Delhi Supreme Court
The Delhi High Court said it is legally wrong for Maulvis, Pastors, Imams, Pandits and Sevakars to occupy places of public worship, live there with their families and claim to be private property. The Supreme Court said this practice is concerning and should be stopped immediately. The Supreme Court made the comment while rejecting a claim to a prime location next to Masjid Jabta Ganj on Man Singh Road near India Gate, Delhi.
Justice Pratibha M Singh said that in some cases the court has noted that some places of worship are converted into commercial property by going outside the allotted land. An attempt is also made to recover the rental amount for the said place in an illegal and unauthorized manner. In the present case itself, it is not clear on what basis the petitioner took in so many persons described as ’employees’ in the premises and that they continued to occupy the premises for many years. The Supreme Court denied the request, calling the petitioner an unauthorized resident. According to the Supreme Court, the petitioner has illegally occupied the property of the Delhi Waqf Board.
Demarcation Order Within Four Weeks: The Supreme Court ordered the concerned SDM along with the Delhi Waqf Board officials to properly demarcate the land allotted for the mosque within four weeks. The Supreme Court approved an order that the Waqf Board, vide Gazette notice issued in terms of the registered agreement dated July 3, 1945, would secure the land allotted to it and ensure that land not exceeding 0.095 acres would be occupied by the current Imam, his family or on his behalf. Do not allow anyone to occupy you, not even the residents.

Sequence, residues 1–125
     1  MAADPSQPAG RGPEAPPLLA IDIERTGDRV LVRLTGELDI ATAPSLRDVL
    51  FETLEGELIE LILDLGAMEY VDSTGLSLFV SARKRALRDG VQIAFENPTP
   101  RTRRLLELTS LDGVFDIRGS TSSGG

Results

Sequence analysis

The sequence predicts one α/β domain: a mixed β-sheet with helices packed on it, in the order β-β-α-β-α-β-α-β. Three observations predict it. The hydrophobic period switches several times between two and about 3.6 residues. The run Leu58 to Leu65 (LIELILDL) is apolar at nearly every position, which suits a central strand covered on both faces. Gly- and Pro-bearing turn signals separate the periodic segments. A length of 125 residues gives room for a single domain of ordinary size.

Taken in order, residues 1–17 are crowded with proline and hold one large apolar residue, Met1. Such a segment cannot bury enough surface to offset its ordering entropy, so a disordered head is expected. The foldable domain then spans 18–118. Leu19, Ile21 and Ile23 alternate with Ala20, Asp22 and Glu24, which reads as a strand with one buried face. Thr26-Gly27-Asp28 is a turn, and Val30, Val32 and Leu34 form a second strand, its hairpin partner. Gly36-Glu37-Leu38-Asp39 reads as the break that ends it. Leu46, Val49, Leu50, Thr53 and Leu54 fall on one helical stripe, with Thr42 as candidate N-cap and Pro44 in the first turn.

Order to pay 15 lakh to Delhi Waqf Board within eight weeks
The court ordered the petitioner to pay Rs 15 lakh to the Delhi Waqf Board within eight weeks. In addition, he has also been asked to deposit Rs 2 lakh as court costs at the Delhi Waqf Board within 8 weeks.
The property of the mosque cannot be claimed
According to the Supreme Court, the petitioner and the three individuals he represents are clearly unauthorized residents and intruders who had no right to the property. An Imam’s family cannot claim any rights to the property of the mosque as the property rests with the Waqf. The Imam is appointed only for the purpose of offering prayers and taking care of the Waqf property. The petitioner argued in court that he and his family have been living on this property for decades.